If you’re creative and interested in design, you will be always collecting inspiration. You probably have lots of magazine cutouts, bookmarked websites, blogs, and Pinterest boards but how do you use them when it’s time to design?
The answer is simple, create a mood board. Mood boards allow you to communicate your ideas and collate them together in one place. You should use them throughout the design process to refer to and make sure your designs are on track. What should you include on your mood board? I’ve created a simple checklist for creating your next mood board.
Before you get started, you need to think about the theme and design direction for your mood board. Go through all your inspiration and find any images that are relevant to your theme that you’d like to consider using on your mood board.
As well as deciding the design direction, you also need to have an idea of the colour palette you’d like to use. This can be conveyed on your mood board through imagery or colour chips.
Decide on the orientation of your mood board. Is it going to be portrait or landscape?
You can experiment with different layouts for your mood board. For example, are you going to create a structured mood board in a grid template or a collaged mood board?
Will you include a title or other text? Text should be used sparingly e.g. a title or quote. You shouldn’t include large amounts of text such as sentences on your mood board. If you are using text, consider the font you choose. Try to select a font that fits in with your theme.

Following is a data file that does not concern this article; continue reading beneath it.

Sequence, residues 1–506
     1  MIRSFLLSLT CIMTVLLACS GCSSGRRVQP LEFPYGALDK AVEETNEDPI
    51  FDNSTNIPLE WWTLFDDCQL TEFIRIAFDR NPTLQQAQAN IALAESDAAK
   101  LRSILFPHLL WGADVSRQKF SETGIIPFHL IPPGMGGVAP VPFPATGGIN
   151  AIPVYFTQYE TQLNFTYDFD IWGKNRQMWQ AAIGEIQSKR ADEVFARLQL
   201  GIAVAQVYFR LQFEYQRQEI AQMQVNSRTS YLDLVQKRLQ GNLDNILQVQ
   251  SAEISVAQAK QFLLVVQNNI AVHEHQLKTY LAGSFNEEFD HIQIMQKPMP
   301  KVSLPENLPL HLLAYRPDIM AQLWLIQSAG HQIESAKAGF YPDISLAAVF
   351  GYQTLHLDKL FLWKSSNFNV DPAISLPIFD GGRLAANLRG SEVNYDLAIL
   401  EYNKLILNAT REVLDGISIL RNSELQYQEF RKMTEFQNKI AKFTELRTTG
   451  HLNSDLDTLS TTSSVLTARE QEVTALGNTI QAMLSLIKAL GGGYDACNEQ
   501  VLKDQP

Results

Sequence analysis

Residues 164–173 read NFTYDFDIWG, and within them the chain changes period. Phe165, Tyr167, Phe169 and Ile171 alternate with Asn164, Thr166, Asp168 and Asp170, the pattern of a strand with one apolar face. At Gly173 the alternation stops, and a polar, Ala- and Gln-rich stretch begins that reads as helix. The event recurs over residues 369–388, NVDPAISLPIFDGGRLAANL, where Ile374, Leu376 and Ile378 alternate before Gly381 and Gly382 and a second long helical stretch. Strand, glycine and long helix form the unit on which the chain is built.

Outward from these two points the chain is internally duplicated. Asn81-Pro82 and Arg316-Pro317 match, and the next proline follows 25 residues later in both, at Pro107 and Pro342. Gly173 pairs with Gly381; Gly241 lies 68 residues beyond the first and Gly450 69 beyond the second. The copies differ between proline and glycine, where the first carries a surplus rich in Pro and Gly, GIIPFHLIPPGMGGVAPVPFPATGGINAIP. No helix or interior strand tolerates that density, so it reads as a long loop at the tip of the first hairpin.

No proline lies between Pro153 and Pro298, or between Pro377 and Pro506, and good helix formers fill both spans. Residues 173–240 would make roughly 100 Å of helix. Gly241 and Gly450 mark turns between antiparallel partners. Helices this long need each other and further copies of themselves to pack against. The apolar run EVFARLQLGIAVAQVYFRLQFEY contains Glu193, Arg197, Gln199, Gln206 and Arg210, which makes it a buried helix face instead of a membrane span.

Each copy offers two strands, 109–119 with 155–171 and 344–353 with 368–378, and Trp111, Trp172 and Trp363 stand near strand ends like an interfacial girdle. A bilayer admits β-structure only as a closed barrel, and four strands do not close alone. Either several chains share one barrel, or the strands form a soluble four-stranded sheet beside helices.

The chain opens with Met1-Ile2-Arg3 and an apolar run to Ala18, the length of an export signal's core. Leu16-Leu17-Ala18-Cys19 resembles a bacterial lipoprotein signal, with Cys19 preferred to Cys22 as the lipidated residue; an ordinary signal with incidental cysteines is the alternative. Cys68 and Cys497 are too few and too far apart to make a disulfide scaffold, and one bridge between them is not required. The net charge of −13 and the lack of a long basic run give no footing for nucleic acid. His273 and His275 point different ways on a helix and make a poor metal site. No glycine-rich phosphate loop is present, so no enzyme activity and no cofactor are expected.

If you’re having trouble knowing how to start a mood board, you can learn step by step how to create mood boards, find inspiration and create your own mood board templates here.
From all of your inspiration, select the images you’d like to use. It’s important not to overcrowd your mood board so make sure you select enough images to convey your message but not too many otherwise your mood board will appear cluttered.
A tip: if you have more than one image that tells the same story then you should select the best image to represent that idea.
Make sure your mood board has a focal point so your eye can be drawn into one spot and then be allowed to move around the mood board.
Your mood board should be well balanced. Balance should include colour, texture, and size and can be achieved by placement of your images.
How are you going to create your mood board? You can create your mood board by hand or on the computer in programs such as Illustrator, Photoshop or InDesign.
You can consider adding physical objects to your mood board once it’s printed. Physical objects could be found objects, yarn, fabric or anything else that’s relevant to your colour palette or theme.
Once you’ve created your mood board, don’t forget to refer to it throughout the design process to keep you on track while designing.
Don’t forget, if you’re having trouble knowing how to start a mood board, you can learn step by step how to create mood boards, find inspiration and create your own mood board templates here.